PLA. I managed to sneak down to Boston to catch the end of the Public Library Association’s 2006 conference. (A tip of the hat to my “connection,” who saw that I didn’t pay the full rate for what amounted to 1 1/2 hours of attendance and a Diet Pepsi.) Although I stupidly left my beautiful bookmark business cards at home, I managed to mention LibraryThing to a bunch of people. Nine in ten had never heard of it, but one in ten’s eyes lit up and they got effusive—a great sign, I think. I gave a well-received product demo to a library OPAC supplier. And I picked up information on getting some real-live LibraryThing library cards, which would be fun, if totally useless, I think. Were any other Thingamabrarians there?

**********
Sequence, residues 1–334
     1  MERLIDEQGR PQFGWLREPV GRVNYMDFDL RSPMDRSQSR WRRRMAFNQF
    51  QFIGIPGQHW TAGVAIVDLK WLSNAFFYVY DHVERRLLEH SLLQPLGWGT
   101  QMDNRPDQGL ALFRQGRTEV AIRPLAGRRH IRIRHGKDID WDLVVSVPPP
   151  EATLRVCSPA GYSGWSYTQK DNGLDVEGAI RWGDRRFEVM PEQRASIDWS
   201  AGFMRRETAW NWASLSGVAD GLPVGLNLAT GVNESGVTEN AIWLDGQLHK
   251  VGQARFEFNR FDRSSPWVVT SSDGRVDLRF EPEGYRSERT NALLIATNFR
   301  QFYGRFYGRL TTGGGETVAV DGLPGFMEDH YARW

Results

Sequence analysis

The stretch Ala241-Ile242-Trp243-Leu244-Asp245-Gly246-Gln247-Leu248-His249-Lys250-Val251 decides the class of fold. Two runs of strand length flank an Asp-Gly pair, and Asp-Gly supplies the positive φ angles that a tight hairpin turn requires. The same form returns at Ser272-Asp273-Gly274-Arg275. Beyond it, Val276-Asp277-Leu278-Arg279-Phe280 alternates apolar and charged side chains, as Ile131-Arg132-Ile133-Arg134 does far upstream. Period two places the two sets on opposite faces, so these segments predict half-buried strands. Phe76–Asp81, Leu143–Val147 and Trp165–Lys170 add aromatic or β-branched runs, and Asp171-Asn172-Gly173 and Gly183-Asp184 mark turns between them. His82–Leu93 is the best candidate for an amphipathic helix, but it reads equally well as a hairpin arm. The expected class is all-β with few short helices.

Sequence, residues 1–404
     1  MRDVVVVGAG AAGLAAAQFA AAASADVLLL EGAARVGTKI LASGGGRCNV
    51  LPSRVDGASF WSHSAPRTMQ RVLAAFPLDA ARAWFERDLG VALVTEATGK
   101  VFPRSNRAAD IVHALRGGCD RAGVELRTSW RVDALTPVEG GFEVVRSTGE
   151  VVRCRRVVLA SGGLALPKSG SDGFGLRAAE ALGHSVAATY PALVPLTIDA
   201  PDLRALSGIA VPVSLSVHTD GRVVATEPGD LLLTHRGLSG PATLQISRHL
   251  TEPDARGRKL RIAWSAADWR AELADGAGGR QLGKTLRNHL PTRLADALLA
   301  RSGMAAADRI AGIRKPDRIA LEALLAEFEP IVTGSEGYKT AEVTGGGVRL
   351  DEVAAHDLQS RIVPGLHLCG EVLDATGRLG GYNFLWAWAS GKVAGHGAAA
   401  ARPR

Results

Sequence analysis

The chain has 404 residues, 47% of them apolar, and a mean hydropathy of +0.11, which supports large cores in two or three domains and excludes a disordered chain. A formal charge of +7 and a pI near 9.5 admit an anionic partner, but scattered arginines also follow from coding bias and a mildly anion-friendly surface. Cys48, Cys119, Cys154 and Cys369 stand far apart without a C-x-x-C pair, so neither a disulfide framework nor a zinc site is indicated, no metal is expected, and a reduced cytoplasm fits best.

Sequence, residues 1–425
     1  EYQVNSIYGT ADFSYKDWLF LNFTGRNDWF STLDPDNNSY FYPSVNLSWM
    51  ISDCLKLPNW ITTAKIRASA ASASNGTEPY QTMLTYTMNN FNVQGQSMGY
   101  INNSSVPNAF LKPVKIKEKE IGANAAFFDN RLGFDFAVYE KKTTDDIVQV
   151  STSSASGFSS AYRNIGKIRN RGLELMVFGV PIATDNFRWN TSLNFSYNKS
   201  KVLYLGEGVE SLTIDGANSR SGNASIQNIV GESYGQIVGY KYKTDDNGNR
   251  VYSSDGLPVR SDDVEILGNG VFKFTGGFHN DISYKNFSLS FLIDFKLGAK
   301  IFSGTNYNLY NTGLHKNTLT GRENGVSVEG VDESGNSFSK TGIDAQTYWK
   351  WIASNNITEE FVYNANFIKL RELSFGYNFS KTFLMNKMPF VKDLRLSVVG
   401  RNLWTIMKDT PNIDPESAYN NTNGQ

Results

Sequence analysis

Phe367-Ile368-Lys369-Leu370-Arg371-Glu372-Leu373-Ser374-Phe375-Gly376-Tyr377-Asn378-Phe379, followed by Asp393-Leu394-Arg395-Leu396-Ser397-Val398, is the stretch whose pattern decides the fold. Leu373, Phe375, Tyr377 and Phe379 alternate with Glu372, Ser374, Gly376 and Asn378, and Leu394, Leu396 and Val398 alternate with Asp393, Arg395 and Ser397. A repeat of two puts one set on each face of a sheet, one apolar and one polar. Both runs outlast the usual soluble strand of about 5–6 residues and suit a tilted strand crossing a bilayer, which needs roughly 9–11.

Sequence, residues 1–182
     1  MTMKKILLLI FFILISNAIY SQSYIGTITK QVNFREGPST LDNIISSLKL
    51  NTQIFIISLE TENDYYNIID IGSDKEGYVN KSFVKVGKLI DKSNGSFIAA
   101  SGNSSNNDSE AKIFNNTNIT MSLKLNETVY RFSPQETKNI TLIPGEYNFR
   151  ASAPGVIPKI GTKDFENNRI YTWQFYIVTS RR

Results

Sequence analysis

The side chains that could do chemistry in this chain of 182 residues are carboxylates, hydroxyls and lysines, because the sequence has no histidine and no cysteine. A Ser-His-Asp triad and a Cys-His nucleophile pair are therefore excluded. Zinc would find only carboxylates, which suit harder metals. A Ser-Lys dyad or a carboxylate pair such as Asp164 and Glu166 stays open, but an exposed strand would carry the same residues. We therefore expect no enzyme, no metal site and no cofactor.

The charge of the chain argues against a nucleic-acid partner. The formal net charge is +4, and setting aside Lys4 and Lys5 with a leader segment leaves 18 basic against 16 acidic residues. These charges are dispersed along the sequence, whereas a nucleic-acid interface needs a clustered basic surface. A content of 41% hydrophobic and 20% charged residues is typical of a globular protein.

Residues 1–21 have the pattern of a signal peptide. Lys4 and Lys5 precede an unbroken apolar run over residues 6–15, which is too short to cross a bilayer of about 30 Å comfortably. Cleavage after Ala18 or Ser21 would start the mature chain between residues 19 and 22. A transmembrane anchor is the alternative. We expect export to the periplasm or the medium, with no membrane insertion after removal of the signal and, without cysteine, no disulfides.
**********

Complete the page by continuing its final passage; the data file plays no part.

Super-librarian Nancy Pearl talked at the PLA, but on Wednesday, so she dodged an abject plea for a NPR story on LibraryThing. Fortunately, I have the life-like Librarian Action Figure (“With Amazing Push-Button Shushing Action!”*), modeled directly after Ms. Pearl.

Nancy, if you’re reading this, does the word voodoo have any meaning for you?

*My wife got me her action figure under the false impression that it actually made shushing noises, or at least moved its “Shushing Action” under battery power, but it just sits there and you have to do both the shushing and the motion. Hey, what gives?

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Wednesday, March 22nd, 2006

Slashdot and LibraryThing

Slashdot is running a topic Solving the home library problem? Happy users—and unhappy ones?—are invited to go on over and “represent.”

Current opinion is largely in favor of Delicious Library, that elegant but limited Mac desktop application. LibraryThing hasn’t come in for much mention, largely, I think, because Slashdot people are unaware of it. (If only Slashdot were written by librarians, who’s awareness of LibraryThing is approaching a saturation point, with each new mention starting “You’ve probably already heard about it from other people, but…”)